The plea from police and fire bosses comes after the county’s firefighters saw an increase in call outs on Bonfire Night last year.
Many of the blazes involved bonfire that had grown out of control and trees that had been set alight by stray fireworks - others involved cars and wheelie bins that had been deliberately set alight.
A Freedom of Information request, submitted by the Chronicle, shows there were 35 incidents in Barnsley alone last year - 20 of which were started deliberately.
It’s an increase on the previous year’s figures, which saw 31 call outs to incidents across the borough - although this was much lower than the 81 incidents in 2019.
Before that anomaly, figures were rising year-on-year in Barnsley, with 46 incidents in 2018, 29 in 2017 and almost 40 in 2016.
Most of the blazes on each occasion were starting deliberately.
In a bid to combat these rises, South Yorkshire Fire and Rescue bosses have teamed with the police to remind residents of the dangers of fireworks and bonfires.
Matt Gillatt, head of the joint police and fire community and safety department, said: “We always want people to enjoy Bonfire Night, and we never aim to ruin anyone’s fun, but it’s really important people are careful out there.
“This year we’re specifically asking people to stay with their bonfires, as leaving them unattended tends to end badly. We’re also asking people to ensure they are sensible in how they position their fireworks, so they are away from bushes and trees.
“Finally, we’d like to ask that people bring their bins in from off the street, and let us have any information on deliberate fire-setting that they may have.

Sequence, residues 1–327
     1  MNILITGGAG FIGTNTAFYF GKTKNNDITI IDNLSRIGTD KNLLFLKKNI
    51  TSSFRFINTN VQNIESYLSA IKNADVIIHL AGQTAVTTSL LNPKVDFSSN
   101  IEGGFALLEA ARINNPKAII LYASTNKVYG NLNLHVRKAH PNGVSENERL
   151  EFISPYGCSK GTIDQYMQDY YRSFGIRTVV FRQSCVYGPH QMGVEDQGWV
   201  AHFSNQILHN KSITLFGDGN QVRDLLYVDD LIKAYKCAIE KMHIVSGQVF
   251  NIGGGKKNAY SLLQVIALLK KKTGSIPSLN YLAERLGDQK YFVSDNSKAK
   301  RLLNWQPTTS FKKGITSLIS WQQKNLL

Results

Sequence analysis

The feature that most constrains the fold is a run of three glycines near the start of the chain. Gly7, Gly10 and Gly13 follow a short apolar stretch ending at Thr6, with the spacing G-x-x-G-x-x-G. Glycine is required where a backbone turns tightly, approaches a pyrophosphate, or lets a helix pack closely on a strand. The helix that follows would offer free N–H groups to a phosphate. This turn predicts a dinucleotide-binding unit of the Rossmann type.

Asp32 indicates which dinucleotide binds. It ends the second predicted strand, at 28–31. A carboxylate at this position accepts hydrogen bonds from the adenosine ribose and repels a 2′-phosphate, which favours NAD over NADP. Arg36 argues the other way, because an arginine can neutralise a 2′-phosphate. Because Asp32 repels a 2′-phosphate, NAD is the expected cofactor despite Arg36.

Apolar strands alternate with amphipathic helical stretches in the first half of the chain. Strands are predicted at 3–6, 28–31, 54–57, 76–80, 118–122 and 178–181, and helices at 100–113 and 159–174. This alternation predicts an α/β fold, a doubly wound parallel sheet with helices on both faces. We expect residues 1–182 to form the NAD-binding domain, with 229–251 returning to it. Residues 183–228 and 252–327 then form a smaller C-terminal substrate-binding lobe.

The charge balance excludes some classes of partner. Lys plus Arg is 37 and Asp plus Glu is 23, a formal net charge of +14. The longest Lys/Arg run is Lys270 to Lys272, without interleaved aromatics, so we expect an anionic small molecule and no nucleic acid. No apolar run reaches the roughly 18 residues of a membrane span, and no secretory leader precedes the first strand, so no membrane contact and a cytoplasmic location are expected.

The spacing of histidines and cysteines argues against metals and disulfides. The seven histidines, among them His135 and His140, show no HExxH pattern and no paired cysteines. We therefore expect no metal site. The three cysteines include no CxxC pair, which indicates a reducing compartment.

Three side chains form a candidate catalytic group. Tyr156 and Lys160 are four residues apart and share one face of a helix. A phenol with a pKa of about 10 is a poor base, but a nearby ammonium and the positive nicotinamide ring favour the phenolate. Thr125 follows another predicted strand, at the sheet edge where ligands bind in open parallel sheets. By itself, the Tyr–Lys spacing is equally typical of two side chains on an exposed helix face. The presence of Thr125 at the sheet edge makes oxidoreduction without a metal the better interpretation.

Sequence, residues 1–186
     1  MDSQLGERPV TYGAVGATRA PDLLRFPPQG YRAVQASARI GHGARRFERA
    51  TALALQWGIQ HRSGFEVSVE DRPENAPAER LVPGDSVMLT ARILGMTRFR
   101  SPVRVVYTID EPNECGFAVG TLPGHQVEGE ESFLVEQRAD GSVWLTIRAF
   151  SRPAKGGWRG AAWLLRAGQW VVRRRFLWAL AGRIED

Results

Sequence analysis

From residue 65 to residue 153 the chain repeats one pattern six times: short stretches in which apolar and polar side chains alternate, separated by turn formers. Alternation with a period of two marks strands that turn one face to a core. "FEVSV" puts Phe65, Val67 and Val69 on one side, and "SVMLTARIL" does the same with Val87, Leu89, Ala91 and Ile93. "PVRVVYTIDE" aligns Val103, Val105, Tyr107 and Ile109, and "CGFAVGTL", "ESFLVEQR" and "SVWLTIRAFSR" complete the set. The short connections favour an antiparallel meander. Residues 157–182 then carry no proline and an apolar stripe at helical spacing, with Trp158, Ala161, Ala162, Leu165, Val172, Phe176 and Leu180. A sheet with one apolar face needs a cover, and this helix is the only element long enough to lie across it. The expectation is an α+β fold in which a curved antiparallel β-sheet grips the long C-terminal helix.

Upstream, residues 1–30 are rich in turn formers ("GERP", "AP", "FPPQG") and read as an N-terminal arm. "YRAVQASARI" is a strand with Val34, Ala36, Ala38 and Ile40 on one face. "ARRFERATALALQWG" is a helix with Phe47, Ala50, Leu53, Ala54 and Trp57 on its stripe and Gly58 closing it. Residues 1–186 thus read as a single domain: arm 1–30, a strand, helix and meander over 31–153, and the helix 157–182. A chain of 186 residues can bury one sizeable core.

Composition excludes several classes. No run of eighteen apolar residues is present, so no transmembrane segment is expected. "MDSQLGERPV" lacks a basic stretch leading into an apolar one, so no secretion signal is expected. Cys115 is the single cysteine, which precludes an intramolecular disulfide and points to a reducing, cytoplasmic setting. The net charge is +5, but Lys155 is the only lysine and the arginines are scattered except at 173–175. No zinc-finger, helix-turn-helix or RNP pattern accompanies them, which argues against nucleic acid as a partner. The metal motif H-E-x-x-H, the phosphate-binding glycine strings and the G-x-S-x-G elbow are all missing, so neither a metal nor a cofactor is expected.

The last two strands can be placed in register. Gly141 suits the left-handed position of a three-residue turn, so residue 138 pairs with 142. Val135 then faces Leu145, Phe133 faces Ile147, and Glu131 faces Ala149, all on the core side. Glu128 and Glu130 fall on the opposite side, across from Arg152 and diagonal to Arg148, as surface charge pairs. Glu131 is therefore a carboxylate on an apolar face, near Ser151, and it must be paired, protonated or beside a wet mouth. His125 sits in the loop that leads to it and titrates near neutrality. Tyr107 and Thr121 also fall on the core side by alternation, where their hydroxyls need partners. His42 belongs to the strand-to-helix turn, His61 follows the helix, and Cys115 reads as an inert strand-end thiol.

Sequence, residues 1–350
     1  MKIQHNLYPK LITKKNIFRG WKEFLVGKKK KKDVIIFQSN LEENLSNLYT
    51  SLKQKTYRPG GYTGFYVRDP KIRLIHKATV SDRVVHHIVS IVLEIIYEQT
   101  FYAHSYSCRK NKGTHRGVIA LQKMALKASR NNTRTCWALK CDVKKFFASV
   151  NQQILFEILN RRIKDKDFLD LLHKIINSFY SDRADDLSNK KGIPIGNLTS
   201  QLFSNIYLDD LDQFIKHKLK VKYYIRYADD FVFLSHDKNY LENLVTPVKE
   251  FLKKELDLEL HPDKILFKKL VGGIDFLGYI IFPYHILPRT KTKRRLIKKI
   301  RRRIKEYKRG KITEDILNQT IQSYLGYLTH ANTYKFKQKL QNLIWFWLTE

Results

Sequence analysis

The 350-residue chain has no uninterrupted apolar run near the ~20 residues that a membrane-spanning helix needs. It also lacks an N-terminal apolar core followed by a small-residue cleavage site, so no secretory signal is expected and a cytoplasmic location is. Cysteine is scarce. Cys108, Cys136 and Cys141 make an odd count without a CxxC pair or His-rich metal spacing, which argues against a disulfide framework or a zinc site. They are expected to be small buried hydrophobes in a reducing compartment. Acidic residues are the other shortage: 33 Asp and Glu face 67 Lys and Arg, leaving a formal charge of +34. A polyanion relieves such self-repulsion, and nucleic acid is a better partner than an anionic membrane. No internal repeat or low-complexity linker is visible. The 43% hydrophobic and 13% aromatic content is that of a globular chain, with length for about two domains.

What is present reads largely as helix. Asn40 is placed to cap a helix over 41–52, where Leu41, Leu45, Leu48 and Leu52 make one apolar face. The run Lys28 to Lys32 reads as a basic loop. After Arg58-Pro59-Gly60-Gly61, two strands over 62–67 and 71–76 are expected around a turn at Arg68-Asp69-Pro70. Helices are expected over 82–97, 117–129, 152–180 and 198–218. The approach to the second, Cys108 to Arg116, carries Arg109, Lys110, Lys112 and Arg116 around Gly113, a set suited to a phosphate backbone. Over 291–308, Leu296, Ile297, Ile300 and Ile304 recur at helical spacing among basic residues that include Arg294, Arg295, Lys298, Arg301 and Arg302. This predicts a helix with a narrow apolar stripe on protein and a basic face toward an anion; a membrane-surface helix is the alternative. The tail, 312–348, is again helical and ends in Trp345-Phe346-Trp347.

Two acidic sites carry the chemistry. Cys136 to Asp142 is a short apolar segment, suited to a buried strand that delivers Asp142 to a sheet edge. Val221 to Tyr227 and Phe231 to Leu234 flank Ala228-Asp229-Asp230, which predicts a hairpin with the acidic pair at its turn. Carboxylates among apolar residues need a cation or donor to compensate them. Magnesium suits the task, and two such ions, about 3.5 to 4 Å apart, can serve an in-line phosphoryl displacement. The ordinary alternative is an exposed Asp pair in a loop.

“These details can be shared with us anonymously via our FireStoppers service people just need to call 0800 169 5558 or visit firestoppersreport.co.uk.”
Since the start of October, officers and firefighters have been doing joint patrols and visits to local schools and community centres, offering advice around Halloween and bonfire safety.
Meanwhile senior officers from South Yorkshire Police are also assuring local residents that they will be taking a no-tolerance approach to antisocial behaviour this year.
The force lead for what is known collectively as Operation Dark Nights, Chief Inspector Lee Carlson, added: “We want everybody to enjoy Halloween and Bonfire night; we know it can be an enjoyable time of the year for most people, but for some the festivities alongside the darker nights can make them feel vulnerable.
“We want you to know that whilst the majority of people will enjoy the period without any issues, the few people that do want to cause a problem will not be tolerated and our extra officers will be there to deal with them.
“Our neighbourhood officers have already been in schools talking to young people about antisocial behaviour and the effect it can have on people living near them, as well as giving them guidance around keeping.”